Graziano has spent the last several months on a barnstorming tour around community boards, arguing that City of Yes will essentially destroy neighborhoods in Queens.

In a phone conversation with the Eagle on Thursday, Graziano likened City of Yes to a nuclear bomb going off, and called it “apocalyptic.”

At the meeting itself, DCP’s Jasmin and Mbamelu, did their best to try and dispel that notion, and garner support from the Western Queens board members.

“City of Yes for Housing Opportunity is a citywide plan that will encourage incremental housing growth over a wide geography,” Jasmin said as part of the presentation.

“Our housing demand is greater than our housing supply,” he said, highlighting a 1.4 percent housing vacancy rate, which is 0.88 percent in Queens.

Community Board 5 members were already skeptical of the City of Yes for Housing Opportunity plan, and made their thoughts known to City Planning employees last week during a committee meeting.  Eagle photo by Ryan Schwach

DCP also pointed to the Big Apple’s growing population. Graziano however was quick to point out the dip in population following the pandemic, but statistics show that rate has steadily rebounded since.

However, it showed members’ of the board’s seemingly pre-existing distrust of the DCP employees, and trust in Graziano, who they have retained in other capacities.

“Paul Graziano is shaking his head, what’s the answer?” board member Paul Kerzner asked Graziano at one point during the meeting.

Committee chair and newspaper publisher Sanchez tried to reign the meeting back into listening to the proposal, at that point.

Questions from members of the board continued, specifically on the “transit-oriented development” piece of the proposal – which will allow more three-to-five story apartment buildings on wide streets and corners within half a mile of the subway. They also had a number of questions about an accessory dwelling unit proposal, which would allow for more backyard cottages, garage conversions and basement apartments, which city officials say will allow homeowners to earn rental income and while also providing more housing.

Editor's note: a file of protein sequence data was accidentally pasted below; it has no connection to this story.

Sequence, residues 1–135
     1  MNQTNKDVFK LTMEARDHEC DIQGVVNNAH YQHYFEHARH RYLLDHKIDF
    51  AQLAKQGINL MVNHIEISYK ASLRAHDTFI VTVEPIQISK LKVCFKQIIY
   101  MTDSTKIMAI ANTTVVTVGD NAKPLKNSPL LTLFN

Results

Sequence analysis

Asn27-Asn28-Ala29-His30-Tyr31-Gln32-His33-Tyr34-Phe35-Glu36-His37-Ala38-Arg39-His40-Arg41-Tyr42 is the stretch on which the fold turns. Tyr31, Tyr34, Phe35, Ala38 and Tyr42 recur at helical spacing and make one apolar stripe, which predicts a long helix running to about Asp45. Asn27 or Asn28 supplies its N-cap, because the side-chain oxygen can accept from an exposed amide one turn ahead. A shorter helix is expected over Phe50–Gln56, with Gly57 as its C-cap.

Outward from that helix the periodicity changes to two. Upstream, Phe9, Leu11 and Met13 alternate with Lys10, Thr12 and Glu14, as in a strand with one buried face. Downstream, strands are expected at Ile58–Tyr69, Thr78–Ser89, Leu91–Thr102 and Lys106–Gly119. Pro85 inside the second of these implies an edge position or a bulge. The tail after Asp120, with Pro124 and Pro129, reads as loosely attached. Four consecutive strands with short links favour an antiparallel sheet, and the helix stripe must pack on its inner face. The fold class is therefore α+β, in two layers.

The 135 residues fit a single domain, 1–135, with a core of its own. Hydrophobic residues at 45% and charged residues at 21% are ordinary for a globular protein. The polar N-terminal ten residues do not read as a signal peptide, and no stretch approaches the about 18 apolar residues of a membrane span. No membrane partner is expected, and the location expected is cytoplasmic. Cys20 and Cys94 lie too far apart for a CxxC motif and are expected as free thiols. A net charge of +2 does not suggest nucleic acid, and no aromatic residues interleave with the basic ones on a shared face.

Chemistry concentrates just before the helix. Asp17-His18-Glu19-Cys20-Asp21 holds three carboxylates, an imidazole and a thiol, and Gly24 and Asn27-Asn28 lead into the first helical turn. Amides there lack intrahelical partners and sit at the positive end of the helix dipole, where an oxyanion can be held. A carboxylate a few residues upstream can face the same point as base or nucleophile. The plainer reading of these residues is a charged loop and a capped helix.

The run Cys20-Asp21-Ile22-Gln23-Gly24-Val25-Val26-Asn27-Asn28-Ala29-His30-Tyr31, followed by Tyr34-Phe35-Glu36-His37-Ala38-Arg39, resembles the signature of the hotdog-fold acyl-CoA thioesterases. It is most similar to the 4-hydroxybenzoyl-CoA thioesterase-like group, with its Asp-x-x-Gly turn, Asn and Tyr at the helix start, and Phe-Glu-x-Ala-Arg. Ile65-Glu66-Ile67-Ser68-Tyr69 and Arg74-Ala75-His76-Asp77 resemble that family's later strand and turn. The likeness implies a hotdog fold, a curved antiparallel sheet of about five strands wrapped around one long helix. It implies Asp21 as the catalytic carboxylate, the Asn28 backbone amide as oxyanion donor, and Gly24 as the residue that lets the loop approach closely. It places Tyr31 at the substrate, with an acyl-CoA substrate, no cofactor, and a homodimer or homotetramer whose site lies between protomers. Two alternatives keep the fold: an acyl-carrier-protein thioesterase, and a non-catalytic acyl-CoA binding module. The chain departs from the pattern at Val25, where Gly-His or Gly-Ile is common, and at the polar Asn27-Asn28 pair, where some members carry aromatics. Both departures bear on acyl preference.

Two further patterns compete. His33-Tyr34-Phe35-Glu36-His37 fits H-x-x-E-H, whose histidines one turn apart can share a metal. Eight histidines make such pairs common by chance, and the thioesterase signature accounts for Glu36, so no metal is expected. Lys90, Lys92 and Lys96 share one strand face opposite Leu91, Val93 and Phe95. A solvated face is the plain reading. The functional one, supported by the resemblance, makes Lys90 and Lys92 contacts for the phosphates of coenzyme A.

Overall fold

Board members said that they were worried that ADUs would be built too tiny for comfortable living, despite DCP’s insistence that other regulations would stop units from being too small.

Another major sticking point for the board was the aspect of City of Yes that would eliminate parking mandates for new buildings, a proposal which will more than likely be protested by Queens neighborhoods without a lot of transit access.

The point of eliminating the mandate would allow the space where parking spots would be to be used for more apartments. However, Graziano questioned why a developer couldn’t just not build more and pocket the extra cash made from not building the parking.

“When you have more supply, and it somewhat matches the demand, naturally, the price is lower,” said Mbamelu, arguing that building more units will be financially beneficial to developers.

After the full presentation was given, board members, particularly Sanchez, implored DCP to take their thoughts into consideration.

Ultimately, the committee decided not to give a recommendation at the meeting, and will bring their thoughts to the whole board.

Throughout May, other Queens community board members will hear the proposal before giving their recommendation.

Regardless, the plan is scheduled to go to a City Planning vote in September.